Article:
Swiss’ Exports to Kyrgyzstan in Times of Pandemics

The Federal Council emphasised that the situation of the Swiss export industry remains worrying and threatens to deteriorate due to the second pandemic wave. In the light of the recent adapted directive related to the Pandemic, the Federal Councillor Guy Parmelin has invited representatives of the export economy to meet in virtual mode on 24 November 2020 for a new exchange of views [SERV, Presentation 24.11.2020 below]. The Swiss Export Insurance (SERV) continues its support to reduce the risks associated with the recent epidemic and political unrest. To Swiss exporters, two financial products are of particular interest to you to lower your risk attached to your exportations to Central Asia.

Pre-shipment risk insurance and supplier credit insurance are interesting to Swiss exporters to Central Asia because both cover force risk attached to majeure outside Switzerland and risk that cannot be insured on the private market. Epidemics/pandemics are considered force majeure under their framework. Extraordinary measures taken by the government to limit the effects of epidemics, in particular COVID-19, may fall into the category of political risks. These risks are covered if:

  • firstly, they were unforeseeable at the time of stipulation,
  • secondly, they are the direct cause of the impossibility/unreasonableness of continued production/supply or non-payment of agreed costs,
  • thirdly, it cannot terminate or cancel the contract or delivery without compensation, and,
  • lastly, amicable dispute settlement failed with its customer.

The insured person must inform SERV immediately of any delays in delivery/performance of the contract, as SERV must accept these changes and amend the policy accordingly.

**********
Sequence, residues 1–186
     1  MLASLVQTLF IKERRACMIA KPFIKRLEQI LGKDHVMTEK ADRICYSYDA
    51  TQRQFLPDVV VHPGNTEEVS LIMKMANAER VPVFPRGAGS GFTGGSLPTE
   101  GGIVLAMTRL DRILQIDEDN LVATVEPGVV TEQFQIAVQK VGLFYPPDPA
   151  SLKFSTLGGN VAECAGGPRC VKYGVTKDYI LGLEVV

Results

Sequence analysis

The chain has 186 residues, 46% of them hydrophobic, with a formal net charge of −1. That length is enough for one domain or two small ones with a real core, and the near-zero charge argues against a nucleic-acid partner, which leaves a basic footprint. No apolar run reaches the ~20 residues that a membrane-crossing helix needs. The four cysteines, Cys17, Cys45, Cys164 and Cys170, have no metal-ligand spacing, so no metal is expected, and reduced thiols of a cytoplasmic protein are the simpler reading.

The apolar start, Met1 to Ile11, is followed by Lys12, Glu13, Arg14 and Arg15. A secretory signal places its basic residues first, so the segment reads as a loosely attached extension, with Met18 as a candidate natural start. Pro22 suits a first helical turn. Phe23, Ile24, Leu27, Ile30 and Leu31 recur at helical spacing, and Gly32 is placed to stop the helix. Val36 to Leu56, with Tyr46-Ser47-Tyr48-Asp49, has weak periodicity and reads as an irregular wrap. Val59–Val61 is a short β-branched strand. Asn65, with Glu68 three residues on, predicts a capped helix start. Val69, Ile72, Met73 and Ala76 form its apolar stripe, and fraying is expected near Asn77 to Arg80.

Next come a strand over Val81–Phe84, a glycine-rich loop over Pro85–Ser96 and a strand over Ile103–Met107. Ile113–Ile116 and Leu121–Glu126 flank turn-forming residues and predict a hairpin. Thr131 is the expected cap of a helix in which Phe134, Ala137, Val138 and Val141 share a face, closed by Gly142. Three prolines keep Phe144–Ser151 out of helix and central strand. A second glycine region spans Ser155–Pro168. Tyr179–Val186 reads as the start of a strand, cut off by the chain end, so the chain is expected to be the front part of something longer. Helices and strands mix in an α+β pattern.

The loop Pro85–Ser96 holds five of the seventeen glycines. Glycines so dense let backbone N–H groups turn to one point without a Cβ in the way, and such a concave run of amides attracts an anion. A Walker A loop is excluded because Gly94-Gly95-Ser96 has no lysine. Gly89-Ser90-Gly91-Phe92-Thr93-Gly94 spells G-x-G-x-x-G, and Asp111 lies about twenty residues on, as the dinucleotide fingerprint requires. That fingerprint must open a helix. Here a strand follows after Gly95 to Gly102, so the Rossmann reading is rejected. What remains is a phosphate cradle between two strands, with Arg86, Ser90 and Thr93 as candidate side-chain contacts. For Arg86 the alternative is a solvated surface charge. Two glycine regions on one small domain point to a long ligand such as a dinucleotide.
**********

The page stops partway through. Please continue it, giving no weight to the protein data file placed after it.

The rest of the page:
SERV’s pre-shipment risk insurance covers the exporter’s costs for an export transaction if production has to be stopped due to an insured risk. It can cover political risks and the del credere risk of the foreign customer. Pre-shipment risk insurance serves primarily to protect against the financial consequences of a production stoppage. If it is impossible or even unreasonable for the insured person to continue to produce or ship goods due to a breach of a contractual obligation by a customer (e.g. if the customer terminates the contract due to COVID-19 or refuses to accept other goods), your production costs are in principle covered by the insurance.

Supplier credit insurance protects Swiss exporters against the risk that foreign customers will not be able to meet their receivables in cash or on credit. Exporters receive their money from SERV if an insured risk leads to default. Generally, the insurance covers political risk, transfer risk, force majeure and del credere risk. However, the claim must be valid, binding and enforceable, which depends on your export contract. Suppose the insured claim exists and the default is due to the insolvency or refusal to pay of the foreign customer, in that case, the circumstance may qualify as an insured del credere risk. Also covered is the insolvency of the customer due to a pandemic.

Please note that exporters cannot insure deliveries against a risk that already harmed their productions or instalments. SERV’s insurance policy can only be taken out before the occurrence of an insurable risk. However, On 12 August 2020 the Federal Council approved an amendment to the Swiss Export Risk Insurance Ordinance (SERV-V). This temporary amendment enables the Federal Council to simplify the application procedure and to ease the administrative burden on companies during the recovery phase following the COVID-19 crisis. It enters into force on 1 September 2020 and expires on 31 December 2020.

We may help you to avoid and overcome your impediments, minimize legal risks while preparing your Swiss, Kyrgyz and international transaction documents and apply for the insurance at the export credit agency. If you want to know more about the services, please contact


Jomart Joldoshev                                                                  Dimitrij Euler                                                      


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